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Constraints:
1. This is for an HTML newsletter (no HTML5 or JS)
2. Font-family is {Lucida Sans, Lucida Grande, Lucida San Unicode, serif}

I need to match an existing PDF newsletter mast head (rather improve it but it's not in the brief) with text not Image (since many email clients don't load images automatically and it's the masthead)

Masthead PDF

The code I have so far (adapting a free theme from campaign monitor called Classic by 45royale) is:

<h1 style="color: #fff; font: normal 33px Lucida Sans, Lucida Sans Unicode, Lucida Grande, sans-serif; margin: 0; padding: 0; line-height: 33px; letter-spacing: 16px; font-variant: small-caps;">Teeᴇᴇ</h1>
<p style="color: #dfa575; font: normal 11px Georgia, serif; margin: 0; padding: 0; line-height: 11px; letter-spacing: 2px">NEWSLETTER …</p>

result

Note the first two `e's have been small capped and are noticably thinner in stems than the 'T' and are much smaller than the small caps in the PDF.

The second two 'E's are small cap Unicode characters I found in the phonetics section of Unicode. They have equivalent stems but are still a little too low in terms of height above baseline.

EDIT: I just checked 3 Lucida Faces on OS X in suitcase fusion and Small Caps for full alphabet doesn't exist in any of the Lucida family of fonts I'm looking at.

All the letters including the 'T' and 'P' seem thicker than the PDF version too but that's only a second order issue.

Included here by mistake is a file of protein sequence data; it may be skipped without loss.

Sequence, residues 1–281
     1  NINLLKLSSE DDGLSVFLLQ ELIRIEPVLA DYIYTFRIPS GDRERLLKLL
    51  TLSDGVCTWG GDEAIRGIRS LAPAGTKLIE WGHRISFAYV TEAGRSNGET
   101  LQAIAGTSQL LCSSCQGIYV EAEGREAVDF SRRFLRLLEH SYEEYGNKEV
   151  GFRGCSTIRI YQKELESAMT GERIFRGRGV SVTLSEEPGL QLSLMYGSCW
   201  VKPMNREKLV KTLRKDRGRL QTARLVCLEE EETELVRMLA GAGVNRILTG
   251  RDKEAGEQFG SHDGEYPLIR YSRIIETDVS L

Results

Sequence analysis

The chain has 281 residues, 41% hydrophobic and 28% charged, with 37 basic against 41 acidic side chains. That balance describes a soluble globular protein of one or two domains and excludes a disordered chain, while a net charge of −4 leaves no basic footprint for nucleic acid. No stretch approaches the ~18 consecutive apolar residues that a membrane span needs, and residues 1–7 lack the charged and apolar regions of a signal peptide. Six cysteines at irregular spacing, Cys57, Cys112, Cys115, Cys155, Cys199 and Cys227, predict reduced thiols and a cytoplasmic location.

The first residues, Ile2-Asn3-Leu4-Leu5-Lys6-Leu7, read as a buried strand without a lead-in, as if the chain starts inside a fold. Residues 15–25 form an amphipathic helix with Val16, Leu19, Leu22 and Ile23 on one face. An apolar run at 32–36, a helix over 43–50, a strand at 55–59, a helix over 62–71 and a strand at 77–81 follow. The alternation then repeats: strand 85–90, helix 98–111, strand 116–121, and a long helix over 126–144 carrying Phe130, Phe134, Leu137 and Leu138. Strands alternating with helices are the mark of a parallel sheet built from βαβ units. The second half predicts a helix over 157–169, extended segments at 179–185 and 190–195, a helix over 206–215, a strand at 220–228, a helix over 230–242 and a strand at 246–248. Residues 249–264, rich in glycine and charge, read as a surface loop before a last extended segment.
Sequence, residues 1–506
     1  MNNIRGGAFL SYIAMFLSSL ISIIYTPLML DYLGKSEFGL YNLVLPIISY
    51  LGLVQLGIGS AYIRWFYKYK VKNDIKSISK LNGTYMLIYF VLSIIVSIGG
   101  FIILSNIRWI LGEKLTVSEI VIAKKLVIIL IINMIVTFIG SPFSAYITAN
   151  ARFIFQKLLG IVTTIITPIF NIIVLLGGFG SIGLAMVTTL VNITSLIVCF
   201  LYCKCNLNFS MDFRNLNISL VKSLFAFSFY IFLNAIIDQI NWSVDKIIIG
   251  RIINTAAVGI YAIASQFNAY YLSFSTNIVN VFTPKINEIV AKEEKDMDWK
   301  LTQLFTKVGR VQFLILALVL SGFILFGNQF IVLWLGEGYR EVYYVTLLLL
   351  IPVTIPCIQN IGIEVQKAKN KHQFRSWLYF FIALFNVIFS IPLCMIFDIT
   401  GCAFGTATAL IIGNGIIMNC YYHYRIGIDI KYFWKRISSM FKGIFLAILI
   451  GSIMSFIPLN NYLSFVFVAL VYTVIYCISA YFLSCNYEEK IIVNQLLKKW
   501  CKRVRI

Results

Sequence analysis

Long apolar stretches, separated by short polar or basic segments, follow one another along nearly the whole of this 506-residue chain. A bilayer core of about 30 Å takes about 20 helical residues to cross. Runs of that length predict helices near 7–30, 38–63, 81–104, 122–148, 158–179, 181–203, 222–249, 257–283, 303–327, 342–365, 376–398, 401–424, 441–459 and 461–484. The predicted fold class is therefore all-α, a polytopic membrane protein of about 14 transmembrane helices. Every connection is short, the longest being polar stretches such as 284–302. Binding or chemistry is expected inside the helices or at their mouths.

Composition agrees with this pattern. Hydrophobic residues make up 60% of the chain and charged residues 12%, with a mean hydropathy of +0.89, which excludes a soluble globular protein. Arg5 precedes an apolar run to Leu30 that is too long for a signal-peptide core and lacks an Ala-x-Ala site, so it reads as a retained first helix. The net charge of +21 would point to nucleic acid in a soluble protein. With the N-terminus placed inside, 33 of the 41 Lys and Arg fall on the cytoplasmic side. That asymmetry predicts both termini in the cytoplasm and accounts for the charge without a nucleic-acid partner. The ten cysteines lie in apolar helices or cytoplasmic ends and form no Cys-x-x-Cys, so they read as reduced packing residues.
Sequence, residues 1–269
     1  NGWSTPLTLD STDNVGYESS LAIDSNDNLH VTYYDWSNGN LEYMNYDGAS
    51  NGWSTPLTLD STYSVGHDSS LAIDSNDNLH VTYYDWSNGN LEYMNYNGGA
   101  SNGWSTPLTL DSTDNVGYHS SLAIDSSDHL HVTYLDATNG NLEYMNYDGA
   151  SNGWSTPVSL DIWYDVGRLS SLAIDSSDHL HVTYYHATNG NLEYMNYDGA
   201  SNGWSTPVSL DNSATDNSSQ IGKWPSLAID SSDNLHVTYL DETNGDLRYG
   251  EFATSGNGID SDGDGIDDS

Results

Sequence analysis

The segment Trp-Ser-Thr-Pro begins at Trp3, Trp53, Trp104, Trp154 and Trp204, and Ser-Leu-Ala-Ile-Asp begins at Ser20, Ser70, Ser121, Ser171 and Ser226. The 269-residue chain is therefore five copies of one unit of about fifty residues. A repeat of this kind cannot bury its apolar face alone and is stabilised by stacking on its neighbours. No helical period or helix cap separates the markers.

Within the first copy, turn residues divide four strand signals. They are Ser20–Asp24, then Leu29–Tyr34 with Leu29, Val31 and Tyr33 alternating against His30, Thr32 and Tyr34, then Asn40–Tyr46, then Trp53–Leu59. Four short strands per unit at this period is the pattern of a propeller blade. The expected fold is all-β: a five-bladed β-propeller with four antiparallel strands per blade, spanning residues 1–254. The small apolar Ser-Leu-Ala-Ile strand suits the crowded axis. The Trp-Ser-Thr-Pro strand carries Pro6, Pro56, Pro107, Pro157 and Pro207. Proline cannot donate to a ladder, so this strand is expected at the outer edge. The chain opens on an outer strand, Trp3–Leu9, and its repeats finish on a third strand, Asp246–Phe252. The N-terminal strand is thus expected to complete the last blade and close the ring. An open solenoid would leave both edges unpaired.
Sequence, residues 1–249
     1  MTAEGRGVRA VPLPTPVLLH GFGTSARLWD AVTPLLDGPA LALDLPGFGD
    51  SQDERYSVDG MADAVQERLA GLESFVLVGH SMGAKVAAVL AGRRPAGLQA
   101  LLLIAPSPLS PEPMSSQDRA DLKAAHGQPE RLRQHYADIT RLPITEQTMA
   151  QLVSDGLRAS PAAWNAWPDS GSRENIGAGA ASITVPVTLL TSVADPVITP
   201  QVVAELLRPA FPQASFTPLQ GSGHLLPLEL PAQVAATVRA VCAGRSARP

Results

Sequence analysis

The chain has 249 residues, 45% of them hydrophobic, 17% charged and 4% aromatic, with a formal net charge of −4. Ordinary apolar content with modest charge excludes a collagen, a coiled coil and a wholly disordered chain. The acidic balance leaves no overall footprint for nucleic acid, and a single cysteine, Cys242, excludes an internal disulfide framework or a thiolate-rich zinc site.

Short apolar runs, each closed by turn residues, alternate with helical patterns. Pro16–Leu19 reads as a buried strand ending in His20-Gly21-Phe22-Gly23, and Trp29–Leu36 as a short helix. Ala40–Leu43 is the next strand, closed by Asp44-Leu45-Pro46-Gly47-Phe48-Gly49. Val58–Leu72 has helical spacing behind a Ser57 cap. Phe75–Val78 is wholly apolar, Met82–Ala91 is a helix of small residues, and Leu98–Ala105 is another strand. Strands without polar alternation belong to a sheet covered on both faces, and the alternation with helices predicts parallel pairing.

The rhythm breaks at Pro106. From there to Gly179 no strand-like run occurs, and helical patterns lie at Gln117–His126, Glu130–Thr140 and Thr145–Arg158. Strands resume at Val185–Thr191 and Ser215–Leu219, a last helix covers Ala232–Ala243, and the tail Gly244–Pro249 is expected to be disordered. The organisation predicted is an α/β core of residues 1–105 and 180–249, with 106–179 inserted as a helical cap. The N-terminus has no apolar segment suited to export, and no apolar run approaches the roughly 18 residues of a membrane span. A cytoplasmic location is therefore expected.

What manual options are available. I'm inside an <h1> tag which means if I make a new tag to set a different font-size after the 'T' for 'ERRA' I get a LineFeed for free :-/

How can I set multiple font-sizes on the same line, should I just be using a <p> tag and custom classes to set CSS and inline font sizes?

Thanks for reading :-)

share|improve this question
    
Your images aren't loading. Try using the StackOverflow image upload tool instead? –  ow3n Sep 5 '12 at 13:47
    
I used the stackoverflow image uploader as requested for the first image (was hosted on Skitch) which wasn't loading. Stack overflow image not loading either :-\?! –  wide_eyed_pupil Sep 6 '12 at 7:59

1 Answer 1

up vote 1 down vote accepted

You can set multiple font sizes on the same line with an inline element like <span></span>. So in your example...

<style>
h1 { color: #fff; font: normal 33px Lucida Sans, Lucida Sans Unicode, Lucida Grande, sans-serif; margin: 0; padding: 0; line-height: 33px; letter-spacing: 16px; }
h1 span { font-variant: small-caps; }
.newsletter { color: #dfa575; font: normal 11px Georgia, serif; margin: 0; padding: 0; line-height: 11px; letter-spacing: 2px }
</style>

<h1>Tee<span>ee</span>EE</h1>
<p class="newsletter">NEWSLETTER …</p>

EDIT: Here's an updated snippit that may help:

eeee!

<style>
body { background:#658290 }
h1 { 
    color: #fff; 
    font: normal 33px Lucida Sans, Lucida Sans Unicode, Lucida Grande, sans-serif; 
    margin: 0; padding: 0; 
    line-height: 33px; letter-spacing: 16px; 
}
h1 span { font-variant: small-caps; letter-spacing:0.3em }
h1 span.upper { font-size:130%; }
</style>

<h1><span class="upper">ee</span><span class="lower">ee</span></h1>
share|improve this answer
    
Thanks. That's good enough I guess. Would love to have same widths on stems etc but looks like that's beyond doable. –  wide_eyed_pupil Sep 6 '12 at 7:30
    
There's no reason you can't use font-variant:small-caps + font-size to make the larger caps. Check out the addition above. –  ow3n Sep 6 '12 at 18:50
    
Hey thanks for the ideas, ow3n. Clever, although not quite genuine small-caps for equal font weight :-) –  wide_eyed_pupil Sep 7 '12 at 11:16

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